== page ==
In Bangalore, Ruth D ‘Souza Prabhu ( gets around 17,000 views per month. She insists that she is not into the “number game” and that she always does because she enjoys writing. The scene, she says, has changed rapidly over the years, especially after the food blogging boom a few years ago, when “Bloggers Tables” (where food bloggers are invited to a restaurant to interact with the chef). ) have become popular. “At one point, I don’t think anyone even read blogs; PR people only cared about how often their product was mentioned. Bloggers have given rave reviews so they have the restaurant’s mileage. And more invitations.

Chennai also saw the rapid rise of food bloggers in 2012, of which only a group is still active today. Dr Wasim Mohideen, a doctor who blogs as Chennai Foody (, begins by stating that he still proudly calls himself a foodie. “To me that means someone who loves to eat,” he says. “I think the word has gone wrong because of all these ‘foodies’ who assume that just because they love to eat food, they can write about it.”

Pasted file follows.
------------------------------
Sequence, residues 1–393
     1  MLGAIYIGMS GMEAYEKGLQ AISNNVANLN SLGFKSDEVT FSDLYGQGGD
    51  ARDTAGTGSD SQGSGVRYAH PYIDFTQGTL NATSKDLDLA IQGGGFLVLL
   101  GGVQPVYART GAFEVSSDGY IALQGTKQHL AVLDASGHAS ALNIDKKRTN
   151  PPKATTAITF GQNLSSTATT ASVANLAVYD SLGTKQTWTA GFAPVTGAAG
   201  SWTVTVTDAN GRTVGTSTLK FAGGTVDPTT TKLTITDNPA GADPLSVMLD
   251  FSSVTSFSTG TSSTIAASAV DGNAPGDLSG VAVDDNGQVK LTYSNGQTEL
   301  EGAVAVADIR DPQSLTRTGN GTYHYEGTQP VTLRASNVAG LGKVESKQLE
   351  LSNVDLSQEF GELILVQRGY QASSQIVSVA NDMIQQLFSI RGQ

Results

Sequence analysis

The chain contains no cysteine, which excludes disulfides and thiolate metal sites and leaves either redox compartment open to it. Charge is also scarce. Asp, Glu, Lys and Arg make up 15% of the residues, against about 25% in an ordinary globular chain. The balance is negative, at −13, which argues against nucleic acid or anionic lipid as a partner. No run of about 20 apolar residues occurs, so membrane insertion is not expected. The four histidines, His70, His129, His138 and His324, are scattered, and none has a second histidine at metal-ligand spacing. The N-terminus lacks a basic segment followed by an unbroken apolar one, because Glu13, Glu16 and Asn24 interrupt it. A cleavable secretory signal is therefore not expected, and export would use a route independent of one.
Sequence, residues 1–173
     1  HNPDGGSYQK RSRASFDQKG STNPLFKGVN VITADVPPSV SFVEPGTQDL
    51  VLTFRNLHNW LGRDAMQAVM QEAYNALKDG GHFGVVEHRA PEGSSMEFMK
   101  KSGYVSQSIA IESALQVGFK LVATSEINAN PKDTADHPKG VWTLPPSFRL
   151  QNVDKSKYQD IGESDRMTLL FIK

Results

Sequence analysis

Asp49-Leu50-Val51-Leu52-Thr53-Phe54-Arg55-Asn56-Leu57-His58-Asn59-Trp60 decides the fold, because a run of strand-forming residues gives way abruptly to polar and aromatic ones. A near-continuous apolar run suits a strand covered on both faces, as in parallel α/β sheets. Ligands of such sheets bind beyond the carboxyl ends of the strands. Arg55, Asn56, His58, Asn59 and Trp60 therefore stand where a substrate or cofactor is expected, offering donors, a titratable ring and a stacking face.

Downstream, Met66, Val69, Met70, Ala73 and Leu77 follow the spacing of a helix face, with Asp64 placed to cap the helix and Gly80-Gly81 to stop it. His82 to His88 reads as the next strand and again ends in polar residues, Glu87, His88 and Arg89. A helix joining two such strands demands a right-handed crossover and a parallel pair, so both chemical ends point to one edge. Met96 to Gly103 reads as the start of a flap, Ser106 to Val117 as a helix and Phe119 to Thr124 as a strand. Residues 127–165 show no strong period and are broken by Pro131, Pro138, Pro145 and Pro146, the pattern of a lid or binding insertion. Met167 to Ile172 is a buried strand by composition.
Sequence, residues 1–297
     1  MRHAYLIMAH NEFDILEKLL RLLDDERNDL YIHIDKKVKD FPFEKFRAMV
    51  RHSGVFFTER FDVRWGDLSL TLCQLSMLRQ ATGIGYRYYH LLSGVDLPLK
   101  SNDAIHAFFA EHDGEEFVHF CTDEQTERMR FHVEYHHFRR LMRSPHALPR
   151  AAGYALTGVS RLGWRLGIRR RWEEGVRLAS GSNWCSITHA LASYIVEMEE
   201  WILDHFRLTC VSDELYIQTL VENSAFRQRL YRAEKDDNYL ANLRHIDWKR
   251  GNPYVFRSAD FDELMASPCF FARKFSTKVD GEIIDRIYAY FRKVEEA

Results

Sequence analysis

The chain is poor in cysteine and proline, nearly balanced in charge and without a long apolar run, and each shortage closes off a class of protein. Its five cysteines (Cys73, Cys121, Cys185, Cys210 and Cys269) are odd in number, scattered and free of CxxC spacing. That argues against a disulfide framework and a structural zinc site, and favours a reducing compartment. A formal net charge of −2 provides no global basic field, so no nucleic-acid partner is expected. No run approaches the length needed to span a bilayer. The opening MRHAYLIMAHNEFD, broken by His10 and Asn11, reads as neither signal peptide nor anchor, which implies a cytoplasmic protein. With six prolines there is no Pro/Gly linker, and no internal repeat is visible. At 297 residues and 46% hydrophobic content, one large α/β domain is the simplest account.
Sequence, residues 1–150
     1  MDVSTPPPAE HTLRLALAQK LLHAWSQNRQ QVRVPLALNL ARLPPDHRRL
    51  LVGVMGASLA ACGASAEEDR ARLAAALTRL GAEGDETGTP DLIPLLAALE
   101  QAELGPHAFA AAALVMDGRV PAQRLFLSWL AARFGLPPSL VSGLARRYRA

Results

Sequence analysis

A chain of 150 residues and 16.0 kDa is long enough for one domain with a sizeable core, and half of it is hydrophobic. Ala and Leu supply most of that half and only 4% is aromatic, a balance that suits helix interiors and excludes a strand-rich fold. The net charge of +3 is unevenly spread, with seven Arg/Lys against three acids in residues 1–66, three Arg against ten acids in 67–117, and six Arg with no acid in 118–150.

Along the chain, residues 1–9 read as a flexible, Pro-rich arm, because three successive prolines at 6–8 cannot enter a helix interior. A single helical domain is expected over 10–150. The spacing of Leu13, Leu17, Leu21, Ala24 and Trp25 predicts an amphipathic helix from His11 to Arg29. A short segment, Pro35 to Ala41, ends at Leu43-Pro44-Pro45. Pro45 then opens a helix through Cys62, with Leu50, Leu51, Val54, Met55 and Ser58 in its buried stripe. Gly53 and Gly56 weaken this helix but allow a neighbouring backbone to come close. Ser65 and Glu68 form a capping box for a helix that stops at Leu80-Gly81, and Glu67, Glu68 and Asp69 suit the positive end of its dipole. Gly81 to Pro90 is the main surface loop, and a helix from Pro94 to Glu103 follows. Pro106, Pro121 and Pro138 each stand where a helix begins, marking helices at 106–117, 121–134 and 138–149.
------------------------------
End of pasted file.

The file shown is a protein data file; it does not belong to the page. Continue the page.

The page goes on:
Mohideen started writing for fun. “I used to post my reviews on orkut, and they were only read by 10-20 people. Then in 2011, he took a food photography course. “Once I started posting good photos, it took off. Now I get about 45,000 hits per month. I see my role as a writer, not a critic. Traditionally, I don’t write bad reviews. I just want to describe my experience. Discussing the angst against ‘foodies’ on social media, he says, “I’m afraid this could, over a period of time, kill food blogging. But that means only the good will survive. In 2012, I knew about 50 food blogs in Chennai; only eight are still functional today.